A comparative cross-cultural study conducted by the HSE International Laboratory of Positive Psychology of Personality and Motivation has found that Russians tend to be as open with their friends as Americans, but unlike Americans, Russians prefer to hide their happiness when talking to strangers or government officials. These findings were published in the Journal of Cross-Cultural Psychology in the paper Russians Inhibit the Expression of Happiness to Strangers: Testing a Display Rule Model.
The first attempts at studying happiness and psychological wellbeing date back to the 1960s, while systematic research in this field began in the 1980s, in particular thanks to pioneering work by American psychologist Ed Diener. At about the same time, large-scale comparative studies were undertaken to examine various value-based and socioeconomic predictors of wellbeing. Comparative cross-cultural studies help researchers pinpoint the socioeconomic factors which can affect the human mind and sense of wellbeing.
‘Comparison of data from different cultural contexts makes it possible to draw interesting conclusions on how culture and society can influence people's behaviour and outlook on life,’ according to Evgeny Osin, leading researcher at the HSE International Laboratory of Positive Psychology of Personality and Motivation and co-author of the paper. ‘Happiness is not some kind of an admirable but distant goal, but a real psychological phenomenon which can have a significant impact on society and economy of a particular country. Many countries conduct surveys regularly in order to find out how satisfied and happy their citizens are and how new laws and policies affect these parameters. Happiness and unhappiness come with multiple social consequences – according to research, an unhappy person can be more prone to alcoholism, drug addiction, risky behaviour and negative forms of social interaction; in contrast, happy people are more likely to succeed in life and maintain good health.’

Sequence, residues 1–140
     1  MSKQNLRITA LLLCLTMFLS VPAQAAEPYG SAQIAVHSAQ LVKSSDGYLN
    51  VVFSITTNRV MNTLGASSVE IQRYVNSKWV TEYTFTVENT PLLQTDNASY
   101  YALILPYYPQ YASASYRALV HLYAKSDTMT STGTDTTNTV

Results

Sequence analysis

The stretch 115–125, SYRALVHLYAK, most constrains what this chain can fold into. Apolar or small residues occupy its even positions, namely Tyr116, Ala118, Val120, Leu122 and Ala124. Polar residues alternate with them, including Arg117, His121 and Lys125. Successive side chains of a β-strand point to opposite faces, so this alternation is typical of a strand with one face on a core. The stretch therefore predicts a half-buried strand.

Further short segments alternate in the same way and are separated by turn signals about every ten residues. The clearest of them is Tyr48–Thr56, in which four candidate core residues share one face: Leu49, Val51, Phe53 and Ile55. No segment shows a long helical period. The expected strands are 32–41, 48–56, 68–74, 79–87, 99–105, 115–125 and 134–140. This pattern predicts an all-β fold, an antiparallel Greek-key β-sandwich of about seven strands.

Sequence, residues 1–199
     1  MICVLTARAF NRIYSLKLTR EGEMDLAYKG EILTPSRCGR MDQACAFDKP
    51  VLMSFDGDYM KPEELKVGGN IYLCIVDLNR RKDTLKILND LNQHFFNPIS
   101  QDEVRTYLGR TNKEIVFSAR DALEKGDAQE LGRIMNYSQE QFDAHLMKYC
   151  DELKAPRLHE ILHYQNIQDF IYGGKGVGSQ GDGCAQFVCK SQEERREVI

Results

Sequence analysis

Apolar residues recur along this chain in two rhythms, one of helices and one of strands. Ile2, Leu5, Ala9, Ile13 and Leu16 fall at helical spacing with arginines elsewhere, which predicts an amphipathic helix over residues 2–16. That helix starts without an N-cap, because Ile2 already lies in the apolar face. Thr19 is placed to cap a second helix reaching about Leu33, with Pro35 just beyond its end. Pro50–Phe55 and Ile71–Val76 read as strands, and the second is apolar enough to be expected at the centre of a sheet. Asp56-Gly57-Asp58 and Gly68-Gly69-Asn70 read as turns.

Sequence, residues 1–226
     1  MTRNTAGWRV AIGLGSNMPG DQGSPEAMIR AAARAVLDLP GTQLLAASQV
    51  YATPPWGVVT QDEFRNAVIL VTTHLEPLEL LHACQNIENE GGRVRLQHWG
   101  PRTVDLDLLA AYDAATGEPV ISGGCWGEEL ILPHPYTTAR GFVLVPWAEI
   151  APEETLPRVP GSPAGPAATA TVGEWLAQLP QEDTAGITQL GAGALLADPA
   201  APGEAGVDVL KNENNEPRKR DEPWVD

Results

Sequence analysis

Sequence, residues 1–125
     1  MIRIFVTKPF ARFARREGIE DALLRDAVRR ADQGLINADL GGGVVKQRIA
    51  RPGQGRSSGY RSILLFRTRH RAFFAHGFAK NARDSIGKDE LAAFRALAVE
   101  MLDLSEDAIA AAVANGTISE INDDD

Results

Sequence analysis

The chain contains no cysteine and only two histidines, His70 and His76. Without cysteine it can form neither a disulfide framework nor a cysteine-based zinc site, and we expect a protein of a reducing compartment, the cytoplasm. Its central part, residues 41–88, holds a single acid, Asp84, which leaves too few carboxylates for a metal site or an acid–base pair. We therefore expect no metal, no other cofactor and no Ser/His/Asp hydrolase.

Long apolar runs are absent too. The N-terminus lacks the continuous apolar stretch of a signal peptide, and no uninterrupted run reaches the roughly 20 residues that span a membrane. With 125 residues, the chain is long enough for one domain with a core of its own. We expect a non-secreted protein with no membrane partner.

Between 2014 and 2016, researchers of the HSE International Laboratory of Positive Psychology of Personality and Motivation led by Professor Ken M. Sheldon of the University of Missouri-Columbia, studied emotional inhibition tendencies in different cultures and social situations. They surveyed 1,500 Russian students from Moscow, Tomsk, Omsk, Biysk, and Petropavlovsk and some 500 American students at the University of Missouri. According to the study authors, although all respondents are undergraduates, the samples are comparable and can support informed conclusions about certain behavioural differences between Russians and Americans.
A questionnaire was designed, consisting of six groups of statements measuring the tendency to inhibit the expression of happiness or unhappiness in various social situations, e.g. with friends, strangers or authorities. The respondents were asked to agree or disagree with the following types of statements: "When I'm happy, I try not to show it to my friends." The questions varied with respect to state of mind (happiness versus unhappiness) and social situation (with friends, strangers in public places or government authorities).
The main finding is fairly optimistic: Russians may actually be happier than they appear — they just prefer not to show it. ‘Looking at our gloomy faces one might assume that many Russians are unhappy, but the real reason may be that we tend to reveal our happiness only to family and friends and only when feel really good,’ Osin suggests. ‘This trait makes us similar to members of collectivistic East Asian cultures, such as Japan and China, where hiding certain emotions to maintain harmony in the group is considered the cultural norm.’
The study also reveals that unlike the USA, where the tendency to inhibit the expression of happiness is associated with lower levels of subjective wellbeing — i.e. dissatisfaction with life, predominance of negative emotions, unmet basic needs — no such association has been found in Russia. In other words, Americans tend to hold back the expression of their positive emotions only when something is wrong, while Russians find it perfectly normal to hide their happiness regardless of how they feel.